Monday, August 20, 2007

All Blogs Go to Heaven

This Blog is Dead, Long Live the Blog.

It's been a good run...85 posts over the last year...but i never really expected her to last, in this form, as long as she did. This was the pupae, now we're moving into the chrysalis stage (thank you Freshman Earth Science!).

I've finally built the site i wanted a year ago and if you've stuck around this long, please move over to my new site, There, you will find my new site, with information on my clothing line, KWblack, and you will find my new blog, The Conglomerate: The Collective Thoughts of Adam Mack Wright. (Presumptious? You betcha!)

Please update your RSS readers, Favorites and most importantly, the links on your own blogs...this should clean things up nicely for you.

See you at the new spot.

Wednesday, August 15, 2007

Borderline Beautiful

A. I love Mandy Moore. I'm not even going to apologize for it. She passed Jeniffer Aniston on my list of "Celebrities Who I Think Would Be the Most Fun to Hang Out with in Real Life" a long time ago. I know CP will share the sentiment, but ever since I watched "A Walk To Remember" I've been pretty damn infatuated.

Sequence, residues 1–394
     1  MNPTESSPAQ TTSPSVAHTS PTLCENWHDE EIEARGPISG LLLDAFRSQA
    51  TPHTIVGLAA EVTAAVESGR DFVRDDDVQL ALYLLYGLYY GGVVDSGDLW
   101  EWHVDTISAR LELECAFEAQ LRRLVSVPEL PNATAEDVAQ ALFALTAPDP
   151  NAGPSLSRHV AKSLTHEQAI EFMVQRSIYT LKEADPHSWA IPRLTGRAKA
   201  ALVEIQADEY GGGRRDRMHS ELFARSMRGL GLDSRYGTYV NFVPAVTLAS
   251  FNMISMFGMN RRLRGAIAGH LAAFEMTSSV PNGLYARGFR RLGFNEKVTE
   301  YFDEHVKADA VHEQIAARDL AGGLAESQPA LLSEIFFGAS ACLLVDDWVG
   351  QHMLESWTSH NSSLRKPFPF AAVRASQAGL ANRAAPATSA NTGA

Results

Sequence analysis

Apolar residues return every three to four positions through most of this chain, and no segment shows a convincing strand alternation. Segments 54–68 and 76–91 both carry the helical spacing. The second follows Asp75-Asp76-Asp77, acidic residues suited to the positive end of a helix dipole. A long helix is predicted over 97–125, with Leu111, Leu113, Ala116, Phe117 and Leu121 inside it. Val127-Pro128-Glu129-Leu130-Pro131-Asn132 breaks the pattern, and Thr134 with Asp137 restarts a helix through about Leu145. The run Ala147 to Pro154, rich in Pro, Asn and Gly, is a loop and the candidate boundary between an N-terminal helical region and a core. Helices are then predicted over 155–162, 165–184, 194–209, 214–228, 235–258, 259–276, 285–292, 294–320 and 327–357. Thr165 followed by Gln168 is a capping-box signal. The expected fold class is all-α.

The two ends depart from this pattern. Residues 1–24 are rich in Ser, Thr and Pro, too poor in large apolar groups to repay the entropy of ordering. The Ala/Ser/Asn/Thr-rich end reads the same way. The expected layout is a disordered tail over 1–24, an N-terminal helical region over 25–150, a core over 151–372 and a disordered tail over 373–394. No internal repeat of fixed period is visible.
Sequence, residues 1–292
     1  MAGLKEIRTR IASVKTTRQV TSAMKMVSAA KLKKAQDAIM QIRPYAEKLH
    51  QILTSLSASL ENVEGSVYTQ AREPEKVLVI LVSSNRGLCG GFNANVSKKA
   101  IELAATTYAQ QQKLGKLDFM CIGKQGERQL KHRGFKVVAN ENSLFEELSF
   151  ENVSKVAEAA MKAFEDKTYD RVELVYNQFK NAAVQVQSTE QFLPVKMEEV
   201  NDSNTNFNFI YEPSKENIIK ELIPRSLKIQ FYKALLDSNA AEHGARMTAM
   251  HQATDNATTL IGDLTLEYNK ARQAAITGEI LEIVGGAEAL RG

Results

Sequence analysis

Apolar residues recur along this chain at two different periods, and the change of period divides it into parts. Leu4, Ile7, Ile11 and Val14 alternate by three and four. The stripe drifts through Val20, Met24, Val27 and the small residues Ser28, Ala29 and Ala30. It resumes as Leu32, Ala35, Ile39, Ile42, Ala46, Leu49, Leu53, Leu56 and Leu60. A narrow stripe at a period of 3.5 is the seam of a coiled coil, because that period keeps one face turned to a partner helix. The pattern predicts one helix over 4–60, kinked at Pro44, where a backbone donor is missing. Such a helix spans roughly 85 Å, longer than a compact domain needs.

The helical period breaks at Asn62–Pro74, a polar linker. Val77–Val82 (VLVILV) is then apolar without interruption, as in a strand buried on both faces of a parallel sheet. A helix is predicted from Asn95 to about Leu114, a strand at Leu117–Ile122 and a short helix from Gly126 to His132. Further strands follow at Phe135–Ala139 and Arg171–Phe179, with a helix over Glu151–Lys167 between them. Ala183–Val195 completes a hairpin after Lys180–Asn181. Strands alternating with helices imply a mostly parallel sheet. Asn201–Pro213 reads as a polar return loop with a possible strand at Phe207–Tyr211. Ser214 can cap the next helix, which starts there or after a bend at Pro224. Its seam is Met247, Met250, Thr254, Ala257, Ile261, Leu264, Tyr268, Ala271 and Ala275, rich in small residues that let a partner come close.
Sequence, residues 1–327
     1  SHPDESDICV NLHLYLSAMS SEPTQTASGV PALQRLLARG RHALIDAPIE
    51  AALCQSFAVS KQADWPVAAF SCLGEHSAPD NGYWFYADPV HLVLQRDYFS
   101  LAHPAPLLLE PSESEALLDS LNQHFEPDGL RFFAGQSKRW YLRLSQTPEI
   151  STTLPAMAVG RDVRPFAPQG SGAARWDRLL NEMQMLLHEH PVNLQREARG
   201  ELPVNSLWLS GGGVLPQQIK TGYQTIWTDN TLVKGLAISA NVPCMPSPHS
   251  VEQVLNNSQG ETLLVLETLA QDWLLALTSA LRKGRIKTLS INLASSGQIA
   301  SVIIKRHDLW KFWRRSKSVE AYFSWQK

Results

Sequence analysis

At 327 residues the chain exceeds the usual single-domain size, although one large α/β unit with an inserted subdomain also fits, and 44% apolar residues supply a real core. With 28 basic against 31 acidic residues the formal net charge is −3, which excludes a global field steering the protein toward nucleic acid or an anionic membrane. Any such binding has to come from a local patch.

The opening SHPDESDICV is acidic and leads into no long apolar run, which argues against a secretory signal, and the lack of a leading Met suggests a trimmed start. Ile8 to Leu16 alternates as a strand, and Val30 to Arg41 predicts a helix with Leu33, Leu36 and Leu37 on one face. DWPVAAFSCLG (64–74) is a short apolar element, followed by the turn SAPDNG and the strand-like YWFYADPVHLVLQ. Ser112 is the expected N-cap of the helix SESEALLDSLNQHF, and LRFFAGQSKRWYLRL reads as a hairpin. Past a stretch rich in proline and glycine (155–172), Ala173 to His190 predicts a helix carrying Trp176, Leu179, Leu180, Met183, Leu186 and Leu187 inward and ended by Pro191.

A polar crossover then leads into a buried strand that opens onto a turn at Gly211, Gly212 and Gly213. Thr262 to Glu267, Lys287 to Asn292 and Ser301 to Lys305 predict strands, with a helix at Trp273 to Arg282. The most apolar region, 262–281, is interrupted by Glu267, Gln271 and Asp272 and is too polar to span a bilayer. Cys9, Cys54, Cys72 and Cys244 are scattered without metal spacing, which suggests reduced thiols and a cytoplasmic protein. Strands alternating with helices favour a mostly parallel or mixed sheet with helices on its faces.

B. I hate this song. It's just silly. It's infectious and i find myself not hating it when i hear it at the bars but i remind myself that i hate it and all remains right with the world again.

C. My love for Mandy cancels out my hate for this track. It's almost friggin awesome. Enjoy

Monday, August 13, 2007

Monday Morning Shuffle

Sorry for the absence last week, there's not a ton of internet access up here:

However, i did take my iPod and although i tried to spend most of my time listening to the sounds of nature, i did fall asleep each night to The Shins and The Decemberists. They were instrumental in drowning out the waterfall that we camped next to (i don't care what they put on those relaxation CDs, listening to pounding water for 8 hours sucks.) and also my father's snoring. Good times!

On with the shuffle:

1. Chop 'Em Down - Matisyahu, off of Shake Off the Dust...Arise